Homeless people are more likely to be put on ventilators for respiratory infections than non-homeless

Researchers from UCLA, Harvard Medical School and the University of Tokyo found that during a recent six-year period, homeless people in New York state were more likely to hospitalized and treated with mechanical ventilators for respiratory infections than people who are not homeless. These findings have implications for the COVID-19 pandemic.

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New Data-Driven Approach for Communities At Risk for Severe COVID-19 Outcomes

A Maryland Taskforce on Vulnerable Populations for COVID-19 this week began implementing a data-driven approach to identifying communities and individuals at highest risk for severe outcomes from COVID-19. They are using this data and mapping to guide the deployment of outreach and resources to vulnerable populations including homeless, elderly living in congregate dwellings and those with limited healthcare access.
This is a unique approach to battling COVID-19 that could be adopted nationally.

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FAU Nurses Provide PPE for Homeless, Low Income Individuals During Pandemic

A team of FAU nurses is addressing the dire needs of a low income neighborhood in West Palm Beach by spearheading programs to provide lifesaving PPE such as face masks for those in need during the COVID-19 pandemic. People living in poverty as well as homeless individuals and those struggling with social determinants of health are at a higher risk of contracting COVID-19 and dying from it.

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Homeless people receive less treatment in hospitals for heart attacks, have higher readmission rates

Homelessness has become a social crisis and public health problem around the world, affecting people of all ages. Most homeless people are at a disadvantage with few resources, and may or may not have adequate health insurance. Mental illness and substance abuse are common issues in the homeless community. People living on the streets have a high likelihood of developing heart disease. Yet they have little ability to take care of their health.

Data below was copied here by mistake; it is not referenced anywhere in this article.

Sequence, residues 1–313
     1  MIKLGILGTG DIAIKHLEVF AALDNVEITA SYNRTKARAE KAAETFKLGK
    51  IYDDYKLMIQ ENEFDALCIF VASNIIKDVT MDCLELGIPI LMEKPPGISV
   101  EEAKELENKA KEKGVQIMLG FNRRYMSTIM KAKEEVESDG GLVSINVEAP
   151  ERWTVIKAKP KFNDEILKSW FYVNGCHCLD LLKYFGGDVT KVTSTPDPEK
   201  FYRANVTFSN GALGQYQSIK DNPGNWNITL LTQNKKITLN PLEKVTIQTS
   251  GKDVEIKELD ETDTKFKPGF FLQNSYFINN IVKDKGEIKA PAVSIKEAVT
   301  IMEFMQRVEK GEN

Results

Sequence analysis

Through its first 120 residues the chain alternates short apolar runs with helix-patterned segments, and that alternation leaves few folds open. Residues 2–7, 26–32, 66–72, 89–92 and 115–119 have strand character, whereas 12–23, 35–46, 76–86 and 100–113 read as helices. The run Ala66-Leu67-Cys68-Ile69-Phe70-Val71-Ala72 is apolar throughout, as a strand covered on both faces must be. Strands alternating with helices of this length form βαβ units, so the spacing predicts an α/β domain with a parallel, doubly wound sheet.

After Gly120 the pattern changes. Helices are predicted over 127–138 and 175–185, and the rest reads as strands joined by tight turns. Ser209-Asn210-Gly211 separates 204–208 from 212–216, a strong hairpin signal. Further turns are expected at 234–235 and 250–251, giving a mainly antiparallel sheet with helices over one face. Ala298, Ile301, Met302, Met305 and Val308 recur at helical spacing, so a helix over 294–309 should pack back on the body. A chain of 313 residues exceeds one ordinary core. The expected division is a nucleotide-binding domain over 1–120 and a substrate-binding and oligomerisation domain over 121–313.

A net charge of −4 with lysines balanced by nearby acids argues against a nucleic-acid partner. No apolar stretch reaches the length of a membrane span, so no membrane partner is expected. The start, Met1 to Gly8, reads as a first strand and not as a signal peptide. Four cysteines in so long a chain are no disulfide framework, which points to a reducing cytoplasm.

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Faculty Q&A: H. Luke Shaefer on how the coronavirus outbreak highlights inequities in health care, employment systems

FACULTY Q&ALuke ShaeferAs the coronavirus continues to spread, University of Michigan poverty scholar H. Luke Shaefer discusses how the pandemic will impact hourly workers and families with low incomes. Shaefer, faculty director of Poverty Solutions U-M, is a professor of social work and public policy.What are the implications of the coronavirus pandemic for low-income families?As there are more and more closures, those who don’t have paid time off and only get paid when they clock in are going to run into the most financial trouble.

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Study sheds light on differences in hospitalization-related care and outcomes for urgent cardiovascular conditions among homeless individuals

In a new retrospective study published today in JAMA Internal Medicine, a team of researchers led by Rishi Wadhera, MD, MPP, MPhil, an investigator in the Smith Center for Outcomes Research in Cardiology at Beth Israel Deaconess Medical Center (BIDMC), found that there are indeed striking disparities in in-hospital care and mortality between homeless and non-homeless adults.

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